Dear Haywood Street Community and Beyond,
Since our last update, much has changed. Nearly all for the better. Last summer, following the City Council’s unanimous vote to endorse our proposal, Haywood Street Community Development closed on the West End Clingman Avenue properties and readied to break ground. Then global supply chains kinked, lending for multifamily projects retracted, construction bids inflated, and a $10 million vision for deeply affordable housing escalated to $12.5 million and rising.
With so many dramatic market swings, we literally went back to the drawing board. In the silence since our last communication, we’ve been hard at work on a redesign. Under contract on an adjacent upper lot, the development now spans three parcels. Instead of keeping the expensive concrete podium, we’ve switched to surface parking only. The top floor is gone, replaced by a far less imposing ¾ split architecture. From 46, our unit matrix is now at 41 apartments. With these amendments, we’ve reduced the vertical construction budget by over $1 million.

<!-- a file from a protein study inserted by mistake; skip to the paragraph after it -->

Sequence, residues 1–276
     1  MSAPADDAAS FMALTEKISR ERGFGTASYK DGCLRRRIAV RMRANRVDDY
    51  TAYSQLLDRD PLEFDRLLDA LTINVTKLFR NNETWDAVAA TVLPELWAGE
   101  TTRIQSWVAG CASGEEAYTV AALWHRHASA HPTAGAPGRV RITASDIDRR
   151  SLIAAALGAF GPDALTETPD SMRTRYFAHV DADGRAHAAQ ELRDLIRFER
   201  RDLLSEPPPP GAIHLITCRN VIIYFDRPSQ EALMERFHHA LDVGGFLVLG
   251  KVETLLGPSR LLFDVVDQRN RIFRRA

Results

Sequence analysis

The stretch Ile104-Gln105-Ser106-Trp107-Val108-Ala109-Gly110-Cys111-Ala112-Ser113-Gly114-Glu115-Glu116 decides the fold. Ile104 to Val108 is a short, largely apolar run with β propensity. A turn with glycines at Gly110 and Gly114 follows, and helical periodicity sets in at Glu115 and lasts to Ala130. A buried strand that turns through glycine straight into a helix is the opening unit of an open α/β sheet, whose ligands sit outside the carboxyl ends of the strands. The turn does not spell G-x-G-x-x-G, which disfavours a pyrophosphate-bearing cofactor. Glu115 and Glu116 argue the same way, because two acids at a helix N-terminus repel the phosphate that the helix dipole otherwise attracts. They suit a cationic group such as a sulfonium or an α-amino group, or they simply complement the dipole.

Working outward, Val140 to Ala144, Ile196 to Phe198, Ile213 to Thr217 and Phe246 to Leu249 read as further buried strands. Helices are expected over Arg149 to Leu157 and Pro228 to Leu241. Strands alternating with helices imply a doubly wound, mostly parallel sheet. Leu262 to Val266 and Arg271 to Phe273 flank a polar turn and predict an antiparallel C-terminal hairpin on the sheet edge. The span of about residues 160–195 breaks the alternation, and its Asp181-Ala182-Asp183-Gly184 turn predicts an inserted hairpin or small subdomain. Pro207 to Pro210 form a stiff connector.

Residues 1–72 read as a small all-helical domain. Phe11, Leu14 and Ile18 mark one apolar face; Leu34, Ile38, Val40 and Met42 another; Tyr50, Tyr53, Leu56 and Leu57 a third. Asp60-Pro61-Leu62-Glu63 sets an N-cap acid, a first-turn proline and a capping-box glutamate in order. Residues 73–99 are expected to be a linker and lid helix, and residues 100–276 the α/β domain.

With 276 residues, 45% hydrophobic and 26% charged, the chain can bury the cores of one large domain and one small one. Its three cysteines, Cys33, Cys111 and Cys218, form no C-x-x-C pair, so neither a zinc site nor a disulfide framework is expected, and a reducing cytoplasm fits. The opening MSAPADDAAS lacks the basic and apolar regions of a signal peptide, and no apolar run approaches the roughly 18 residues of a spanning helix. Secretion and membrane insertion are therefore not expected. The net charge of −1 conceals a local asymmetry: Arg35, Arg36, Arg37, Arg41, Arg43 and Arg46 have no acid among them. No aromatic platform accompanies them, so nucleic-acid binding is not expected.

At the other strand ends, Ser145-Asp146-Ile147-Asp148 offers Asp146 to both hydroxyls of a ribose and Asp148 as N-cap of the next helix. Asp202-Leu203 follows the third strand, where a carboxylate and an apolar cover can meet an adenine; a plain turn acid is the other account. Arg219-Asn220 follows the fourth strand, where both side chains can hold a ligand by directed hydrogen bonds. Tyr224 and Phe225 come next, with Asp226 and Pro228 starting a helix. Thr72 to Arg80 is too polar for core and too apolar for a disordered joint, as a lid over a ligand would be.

Despite these shifts, we remain certain about what won’t change. Instead of confronting the housing crisis with minimum standards- settling for discounted over dignified- HSCD is building dwellings with sunset balconies and granite countertops. Although many landlords refuse neighbors with vouchers, we’re prioritizing the demographic at 50% Area Median Income and below. And as gentrification in the City Centre accelerates, we believe Asheville’s contested identity hangs in the balance without more deeply affordable housing downtown.
With revised floor plans and elevation drawings, you can expect a surge of public activity- Technical Review Committee, neighborhood meeting, Planning and Zoning, and City Council- in the coming months. You can also expect, barring any more pandemic-related surprises, earth moving at 339, 343, and 357 West Haywood Street this winter.
For those experiencing housing insecurity, people asked to wait and wait even longer, your hardscrabble survival animates our persistent calling. Although we lament a year of unforeseen delays, Haywood Street’s commitment to build, not just bricks and mortar, but relationships that interrupt the isolation of poverty remains undeterred. To future residents, a distinguished space to detox from the stress, experience belonging, consider the possibility of tomorrow, make memories, and finally come home is coming.
Rev. Brian Combs, Founding Pastor